Chapter 9 - Multiple and Logistic Regression

Learning Outcomes

  • Define the multiple linear regression model as $$\hat{y} = \beta_0 + \beta_1 x_1 + \beta_2 x_2 + \cdots + \beta_k x_k$$ where there are \(k\) predictors (explanatory variables).
  • Interpret the estimate for the intercept (\(b_0\)) as the expected value of \(y\) when all predictors are equal to 0, on average.
  • Interpret the estimate for a slope (say \(b_1\)) as “All else held constant, for each unit increase in \(x_1\), we would expect \(y\) to increase/decrease on average by \(b_1\).”
  • Define collinearity as a high correlation between two independent variables such that the two variables contribute redundant information to the model – which is something we want to avoid in multiple linear regression.
  • Note that \(R^2\) will increase with each explanatory variable added to the model, regardless of whether or not the added variables is a meaningful predictor of the response variable. Therefore we use adjusted \(R^2\), which applies a penalty for the number of predictors included in the model, to better assess the strength of a multiple linear regression model: $$R^2 = 1 - \frac{Var(e_i) / (n - k - 1)}{Var(y_i) / (n - 1)}$$ where $Var(e_i)$ measures the variability of residuals ($SS_{Err}$), $Var(y_i)$ measures the total variability in observed \(y\) ($SS_{Tot}$), \(n\) is the number of cases and \(k\) is the number of predictors.
    • Note that adjusted \(R^2\) will only increase if the added variable has a meaningful contribution to the amount of explained variability in \(y\), i.e. if the gains from adding the variable exceeds the penalty.
  • Define model selection as identifying the best model for predicting a given response variable.
  • Note that we usually prefer simpler (parsimonious) models over more complicated ones.
  • Define the full model as the model with all explanatory variables included as predictors.
  • Note that the p-values associated with each predictor are conditional on other variables being included in the model, so they can be used to assess if a given predictor is significant, given that all others are in the model.
    • These p-values are calculated based on a \(t\) distribution with \(n - k - 1\) degrees of freedom.
    • The same degrees of freedom can be used to construct a confidence interval for the slope parameter of each predictor: $$b_i \pm t^\star_{n - k - 1} SE_{b_i}$$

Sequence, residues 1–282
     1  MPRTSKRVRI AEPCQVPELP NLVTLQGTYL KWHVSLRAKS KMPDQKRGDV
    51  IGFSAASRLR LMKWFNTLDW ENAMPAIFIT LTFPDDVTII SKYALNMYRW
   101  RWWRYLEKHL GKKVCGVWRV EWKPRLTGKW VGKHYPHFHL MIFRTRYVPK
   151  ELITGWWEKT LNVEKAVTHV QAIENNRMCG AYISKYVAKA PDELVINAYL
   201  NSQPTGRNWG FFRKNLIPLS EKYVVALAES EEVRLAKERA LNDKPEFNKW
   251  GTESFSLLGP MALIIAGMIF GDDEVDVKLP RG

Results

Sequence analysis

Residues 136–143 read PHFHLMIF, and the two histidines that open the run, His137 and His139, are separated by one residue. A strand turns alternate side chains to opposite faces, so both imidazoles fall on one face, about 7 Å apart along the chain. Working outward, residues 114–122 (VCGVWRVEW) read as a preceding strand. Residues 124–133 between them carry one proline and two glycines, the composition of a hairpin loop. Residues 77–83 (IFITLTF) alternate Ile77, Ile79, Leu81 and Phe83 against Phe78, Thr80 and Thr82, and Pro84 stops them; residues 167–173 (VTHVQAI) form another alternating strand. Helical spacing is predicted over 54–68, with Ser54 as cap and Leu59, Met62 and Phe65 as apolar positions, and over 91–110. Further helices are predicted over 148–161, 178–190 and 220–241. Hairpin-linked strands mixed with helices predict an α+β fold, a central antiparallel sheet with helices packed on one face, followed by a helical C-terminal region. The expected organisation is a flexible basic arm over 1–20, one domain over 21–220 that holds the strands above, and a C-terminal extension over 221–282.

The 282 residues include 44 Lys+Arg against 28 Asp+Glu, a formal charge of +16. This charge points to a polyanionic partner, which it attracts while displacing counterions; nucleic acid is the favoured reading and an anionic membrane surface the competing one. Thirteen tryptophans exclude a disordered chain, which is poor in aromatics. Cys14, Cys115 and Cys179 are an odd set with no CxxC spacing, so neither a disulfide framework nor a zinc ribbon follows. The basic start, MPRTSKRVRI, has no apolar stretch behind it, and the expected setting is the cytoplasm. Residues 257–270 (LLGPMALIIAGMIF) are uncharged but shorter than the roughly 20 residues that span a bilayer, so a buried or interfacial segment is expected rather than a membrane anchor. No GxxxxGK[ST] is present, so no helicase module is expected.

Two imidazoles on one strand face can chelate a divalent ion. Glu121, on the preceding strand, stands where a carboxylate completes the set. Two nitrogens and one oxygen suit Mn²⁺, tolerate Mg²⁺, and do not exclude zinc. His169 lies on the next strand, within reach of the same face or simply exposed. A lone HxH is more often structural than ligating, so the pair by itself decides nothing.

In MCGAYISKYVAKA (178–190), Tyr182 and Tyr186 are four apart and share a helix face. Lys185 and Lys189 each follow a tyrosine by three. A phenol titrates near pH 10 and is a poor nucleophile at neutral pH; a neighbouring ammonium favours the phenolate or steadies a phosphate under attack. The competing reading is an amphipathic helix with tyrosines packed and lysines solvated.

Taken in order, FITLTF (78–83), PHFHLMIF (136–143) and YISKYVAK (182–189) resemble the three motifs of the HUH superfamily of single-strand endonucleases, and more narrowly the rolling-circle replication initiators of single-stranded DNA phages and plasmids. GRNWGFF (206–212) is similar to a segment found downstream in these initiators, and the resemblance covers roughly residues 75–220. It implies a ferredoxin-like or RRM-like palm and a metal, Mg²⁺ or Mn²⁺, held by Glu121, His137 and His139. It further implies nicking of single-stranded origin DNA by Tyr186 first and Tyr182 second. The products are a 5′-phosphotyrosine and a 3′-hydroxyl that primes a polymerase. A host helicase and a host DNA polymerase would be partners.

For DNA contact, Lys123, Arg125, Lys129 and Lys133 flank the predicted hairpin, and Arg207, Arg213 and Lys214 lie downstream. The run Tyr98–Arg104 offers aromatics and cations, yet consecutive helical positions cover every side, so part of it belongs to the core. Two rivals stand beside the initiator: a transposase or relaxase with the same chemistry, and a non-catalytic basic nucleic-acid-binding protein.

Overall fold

• Stepwise model selection (backward or forward) can be done based based on adjusted \(R^2\) (choose the model with higher adjusted \(R^2\)).
  • The general idea behind backward-selection is to start with the full model and eliminate one variable at a time until the ideal model is reached.
    1. Start with the full model.
    2. Refit all possible models omitting one variable at a time, and choose the model with the highest adjusted \(R^2\).
    3. Repeat until maximum possible adjusted \(R^2\) is reached.
  • The general idea behind forward-selection is to start with only one variable and adding one variable at a time until the ideal model is reached.
    1. Try all possible simple linear regression models predicting \(y\) using one explanatory variable at a time. Choose the model with the highest adjusted \(R^2\).
    2. Try all possible models adding one more explanatory variable at a time, and choose the model with the highest adjusted \(R^2\).
    3. Repeat until maximum possible adjusted \(R^2\) is reached.
  • Adjusted \(R^2\) method is more computationally intensive, but it is more reliable, since it doesn’t depend on an arbitrary significant level.
  • List the conditions for multiple linear regression as
    1. linear relationship between each (numerical) explanatory variable and the response - checked using scatterplots of \(y\) vs. each \(x\), and residuals plots of \(residuals\) vs. each \(x\)
    2. nearly normal residuals with mean 0 - checked using a normal probability plot and histogram of residuals
    3. constant variability of residuals - checked using residuals plots of \(residuals\) vs. \(\hat{y}\), and \(residuals\) vs. each \(x\)
    4. independence of residuals (and hence observations) - checked using a scatterplot of \(residuals\) vs. order of data collection (will reveal non-independence if data have time series structure)
  • Note that no model is perfect, but even imperfect models can be useful.

Supplemental Readings